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Exploring Analytic Functions : an Iterative Approach

Lake Malawi

Lake Malawi

Suppose some quixotic HR evangelist fresh off a stint of social aid work in Malawi is pushing the bombastically non-Libertarian idea of normalizing compensation patterns within departments as follows: employees who have high tenure seniority contrasted with low salary ‘seniority’ will receive pay adjustments. This is the sort of question that can be explored with Oracle’s analytic SQL functions.

If you inspect the available analytic functions, you’ll note that many of them deal with mathematical statistics, but not all. Analytic functions are like the aggregate functions, in that they operate upon a group of rows. But they are different in that they do not return just one row. Each analytic function can specify it’s own scope, varying from the entire report to any grouping definable by the flexible syntax provided within the OVER clause, also known as the analytic clause. This independent scoping for each analytic column in a query is what really distinguishes the capabilities of analytic functions. We’ll take a stepwise approach to exposing some of these functions and building SQL queries towards the desired result. Syntax:

         analytic_function([ arguments ]) OVER (analytic_clause)

         analytic_clause:
             [ query_partition_clause ] [ order_by_clause [ windowing_clause ] ]

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Ranking Functions

For our tenure/pay discrepancy problem, we first need to explore the data to survey the differences between HIRE_DATE and SALARY. Several ranking functions will come in handy. Within the OVER clauses below, the PARTITION BY keyword defines the ranking groups as departments, because we want to consider our salary adjustments based upon tenure/pay discrepancies within departments, not company-wide.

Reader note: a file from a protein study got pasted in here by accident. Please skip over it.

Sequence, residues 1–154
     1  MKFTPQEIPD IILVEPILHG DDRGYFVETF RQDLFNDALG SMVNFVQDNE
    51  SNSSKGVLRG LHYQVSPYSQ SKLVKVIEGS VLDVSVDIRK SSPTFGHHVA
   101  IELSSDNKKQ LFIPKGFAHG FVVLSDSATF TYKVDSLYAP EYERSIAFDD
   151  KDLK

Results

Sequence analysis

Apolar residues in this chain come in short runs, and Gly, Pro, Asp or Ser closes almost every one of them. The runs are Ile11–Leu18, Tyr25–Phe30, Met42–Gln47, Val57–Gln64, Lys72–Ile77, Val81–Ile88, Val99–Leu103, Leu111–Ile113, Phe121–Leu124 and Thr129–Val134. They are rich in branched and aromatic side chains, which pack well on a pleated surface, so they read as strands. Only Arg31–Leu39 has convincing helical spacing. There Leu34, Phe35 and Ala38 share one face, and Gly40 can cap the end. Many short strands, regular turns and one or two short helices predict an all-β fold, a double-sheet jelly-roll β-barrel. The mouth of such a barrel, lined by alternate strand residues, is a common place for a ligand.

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   SELECT
      department_id AS dept,
      first_name||’ ‘||last_name AS ename,
      salary,
      RANK() OVER
         (PARTITION BY department_id ORDER BY salary DESC) AS payrank,
      DENSE_RANK() OVER
         (PARTITION BY department_id ORDER BY salary DESC) AS dpayrank,
      PERCENT_RANK() OVER
         (PARTITION BY department_id ORDER BY salary ASC) AS pctrank,
      CUME_DIST() OVER
         (PARTITION BY department_id ORDER BY salary ASC) AS cumedist,
   FROM employees
   /

w h i t e s p a c e

                                                                                                                                              view query results